14 III. Background and Scope of Task Force Study A. Creation of Task Force Recognizing that the debate over contingent fees in medical malpractice litigation was heating up once again, 15 in fall 2003, Linda Klein, then Chair of the Tort Trial & Insurance Practice Section (TIPS) of the American Bar Association, empanelled the Contingent Fee Task Force (the Task Force or CFTF) to study the impact of contingent fees on the American judicial system generally. Providing impetus for the study was the current effort of various state medical associations and of Common Good, among other organizations, to introduce by legislation or by ethical rule severe limits on contingent fees. TIPS appointed to the Task Force attorneys engaged in private practice, corporate in-house counsel, insurance company representatives and academics. 16 To maintain objectivity, TIPS appointed as Task Force chair Steven B. Lesser, a construction lawyer with no significant ties to contingent fee practice and as reporters Chris Wells and Patrick Longan of the Mercer Law School faculty, neither of whom had taken prior positions on contingent fee practice. TIPS asked the Task Force to meet with interested persons and organizations and from those meetings to make findings of fact about contingent fee practice. It requested the Task Force to publish its findings in a form that could serve as a resource for all persons and organizations that might consider proposals to regulate contingent fees. If appropriate, the Task Force would also suggest improvements in contingent fee practice. Early on, the Task Force concluded that contingent fee practice issues including the nature of fee agreements, the existence of identifiable or controlling clients and the judicial supervision of fee awards vary from practice area to practice area. Accordingly, the Task Force focused its efforts on three differing areas: medical malpractice, securities class actions, and general tort litigation, including employment and housing discrimination and mass torts. This report addresses only the first of those areas, the effect of contingent fee practices on medical malpractice actions. The Task Force welcomes comments on its findings and conclusions and invites readers to address comments to reporters Chris Wells and Patrick Longan. 17 Page 12 of 66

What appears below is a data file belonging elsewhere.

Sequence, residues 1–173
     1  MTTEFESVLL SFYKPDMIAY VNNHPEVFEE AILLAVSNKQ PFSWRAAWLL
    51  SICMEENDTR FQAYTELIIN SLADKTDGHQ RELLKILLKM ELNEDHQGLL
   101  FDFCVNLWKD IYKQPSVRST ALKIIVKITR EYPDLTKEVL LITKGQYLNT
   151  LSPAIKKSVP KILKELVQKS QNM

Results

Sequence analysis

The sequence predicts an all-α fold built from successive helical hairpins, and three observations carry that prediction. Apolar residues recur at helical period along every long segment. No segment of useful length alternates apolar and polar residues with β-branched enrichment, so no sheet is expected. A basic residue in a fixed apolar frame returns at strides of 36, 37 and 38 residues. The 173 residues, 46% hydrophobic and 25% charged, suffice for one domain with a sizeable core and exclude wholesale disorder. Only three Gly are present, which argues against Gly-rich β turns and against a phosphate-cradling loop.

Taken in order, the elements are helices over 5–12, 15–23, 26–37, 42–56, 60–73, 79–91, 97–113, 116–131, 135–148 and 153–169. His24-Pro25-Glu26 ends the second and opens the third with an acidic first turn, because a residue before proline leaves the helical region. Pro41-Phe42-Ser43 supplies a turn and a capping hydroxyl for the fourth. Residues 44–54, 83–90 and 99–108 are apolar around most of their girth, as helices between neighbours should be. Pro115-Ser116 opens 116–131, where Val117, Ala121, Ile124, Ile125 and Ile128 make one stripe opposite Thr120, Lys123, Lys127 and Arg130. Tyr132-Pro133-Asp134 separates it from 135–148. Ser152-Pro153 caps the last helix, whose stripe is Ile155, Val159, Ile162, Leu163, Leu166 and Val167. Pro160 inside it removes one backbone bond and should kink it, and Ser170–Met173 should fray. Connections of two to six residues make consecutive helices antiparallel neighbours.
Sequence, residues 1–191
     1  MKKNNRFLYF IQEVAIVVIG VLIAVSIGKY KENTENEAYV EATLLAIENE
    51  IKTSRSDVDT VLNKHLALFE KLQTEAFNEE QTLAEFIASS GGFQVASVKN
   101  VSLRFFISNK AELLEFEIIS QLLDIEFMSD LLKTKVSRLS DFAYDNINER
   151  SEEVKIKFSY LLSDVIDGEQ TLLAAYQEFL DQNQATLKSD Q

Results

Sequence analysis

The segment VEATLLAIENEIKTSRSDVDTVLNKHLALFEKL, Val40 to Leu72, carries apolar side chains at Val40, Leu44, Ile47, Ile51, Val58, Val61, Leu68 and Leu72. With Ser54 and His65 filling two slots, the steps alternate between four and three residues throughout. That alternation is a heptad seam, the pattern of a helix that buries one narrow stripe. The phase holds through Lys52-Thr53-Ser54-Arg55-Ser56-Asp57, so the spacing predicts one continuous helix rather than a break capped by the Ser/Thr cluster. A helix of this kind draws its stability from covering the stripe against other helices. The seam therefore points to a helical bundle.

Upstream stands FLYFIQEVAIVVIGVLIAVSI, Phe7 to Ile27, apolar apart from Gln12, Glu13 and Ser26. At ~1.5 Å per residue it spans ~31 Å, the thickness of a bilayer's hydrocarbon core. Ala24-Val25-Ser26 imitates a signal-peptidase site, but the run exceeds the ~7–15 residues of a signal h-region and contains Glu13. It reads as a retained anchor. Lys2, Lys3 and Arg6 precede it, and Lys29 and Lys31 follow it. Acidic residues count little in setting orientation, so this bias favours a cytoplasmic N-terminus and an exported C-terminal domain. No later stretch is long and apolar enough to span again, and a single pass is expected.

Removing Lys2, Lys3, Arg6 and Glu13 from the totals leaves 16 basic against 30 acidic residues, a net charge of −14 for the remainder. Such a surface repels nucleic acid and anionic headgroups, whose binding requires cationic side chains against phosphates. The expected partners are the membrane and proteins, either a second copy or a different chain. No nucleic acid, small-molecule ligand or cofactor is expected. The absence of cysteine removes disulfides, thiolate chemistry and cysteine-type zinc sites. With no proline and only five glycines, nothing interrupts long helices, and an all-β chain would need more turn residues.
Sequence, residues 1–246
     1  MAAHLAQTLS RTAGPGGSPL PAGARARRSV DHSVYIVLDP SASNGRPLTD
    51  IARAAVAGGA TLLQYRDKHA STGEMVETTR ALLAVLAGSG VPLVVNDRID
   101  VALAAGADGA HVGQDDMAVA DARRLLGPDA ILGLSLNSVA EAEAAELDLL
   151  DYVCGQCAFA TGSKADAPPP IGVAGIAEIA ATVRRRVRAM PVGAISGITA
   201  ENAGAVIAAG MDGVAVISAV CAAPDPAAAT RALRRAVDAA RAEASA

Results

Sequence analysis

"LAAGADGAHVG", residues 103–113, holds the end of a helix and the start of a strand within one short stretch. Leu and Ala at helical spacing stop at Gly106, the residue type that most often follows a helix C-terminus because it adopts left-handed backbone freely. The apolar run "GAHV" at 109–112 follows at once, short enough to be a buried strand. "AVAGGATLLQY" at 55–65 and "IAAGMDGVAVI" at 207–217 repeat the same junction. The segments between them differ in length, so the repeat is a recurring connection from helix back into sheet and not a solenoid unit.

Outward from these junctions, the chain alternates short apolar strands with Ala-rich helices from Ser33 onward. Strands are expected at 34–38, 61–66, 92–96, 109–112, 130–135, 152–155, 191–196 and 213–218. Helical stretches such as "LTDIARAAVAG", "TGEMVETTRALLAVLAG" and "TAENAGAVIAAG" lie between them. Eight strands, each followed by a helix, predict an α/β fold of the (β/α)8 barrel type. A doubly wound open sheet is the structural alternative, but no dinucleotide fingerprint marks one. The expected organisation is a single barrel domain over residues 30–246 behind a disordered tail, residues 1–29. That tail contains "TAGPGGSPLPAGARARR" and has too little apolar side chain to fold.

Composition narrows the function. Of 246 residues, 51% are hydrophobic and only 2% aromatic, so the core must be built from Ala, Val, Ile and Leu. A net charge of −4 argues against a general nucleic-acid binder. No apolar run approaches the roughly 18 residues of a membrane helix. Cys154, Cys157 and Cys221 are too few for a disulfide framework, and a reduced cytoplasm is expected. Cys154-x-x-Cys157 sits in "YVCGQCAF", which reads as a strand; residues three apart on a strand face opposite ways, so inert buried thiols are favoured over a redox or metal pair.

15 B. Meetings To date the Task Force has met formally six times. At five of these meetings one or more invited guests 18 made presentations and answered members questions on the subject of contingent fees in medical malpractice actions. The Task Force maintained minutes of each meeting October 2003, Savannah, Georgia (Organizational meeting): Overview of Utah Effort to Limit Contingent Fees By Robert Peck, Center for Constitutional Litigation 2. December 2003, Columbia University, New York City: Contingent Fees in Securities Class Actions Professors Jill Fisch (Fordham Law School) Professor John Coffee (Columbia Law School) John J. Degnan (Vice Chairman and Chief Administrative Officer of The Chubb Corporation) Contingent Fees in Medical Malpractice Actions Professor William Sage (Columbia Law School) Professor David Hyman (University of Maryland College of Law) Page 13 of 66

16 3. February 6, 2004, San Antonio, Texas: Texas Contingent Fee Rule History Hon. Nathan Hecht (Associate Justice, Texas Supreme Court) Contingent Fee Empirical Studies Professor Bert Kritzer (University of Wisconsin) State Experiences with Medical Malpractice Litigation and Reform Efforts Linda McMullen (General Counsel, Mississippi Medical Association) Michael Hull (General Counsel, Texas Alliance for Patient Access (TAPA)) 4. April 30, 2004, Napa Valley, California The Common Good Proposal to Limit Contingent Fees Philip Howard (founder, Common Good) 5. June 23, 2004, Boca Raton, Florida: The Florida Experience with Medical Malpractice Litigation Reform Walter G. "Skip" Campbell, Jr. (Florida State Senator) Jeffrey D. Kottkamp (Florida State Representative) Arthur M. Simon (former Florida State Representative and former counsel to health care industry) In addition to the information provided by the invited guests, the Task Force has studied other reports, law review articles, proposed legislation and other materials in preparation for this report. Page 14 of 66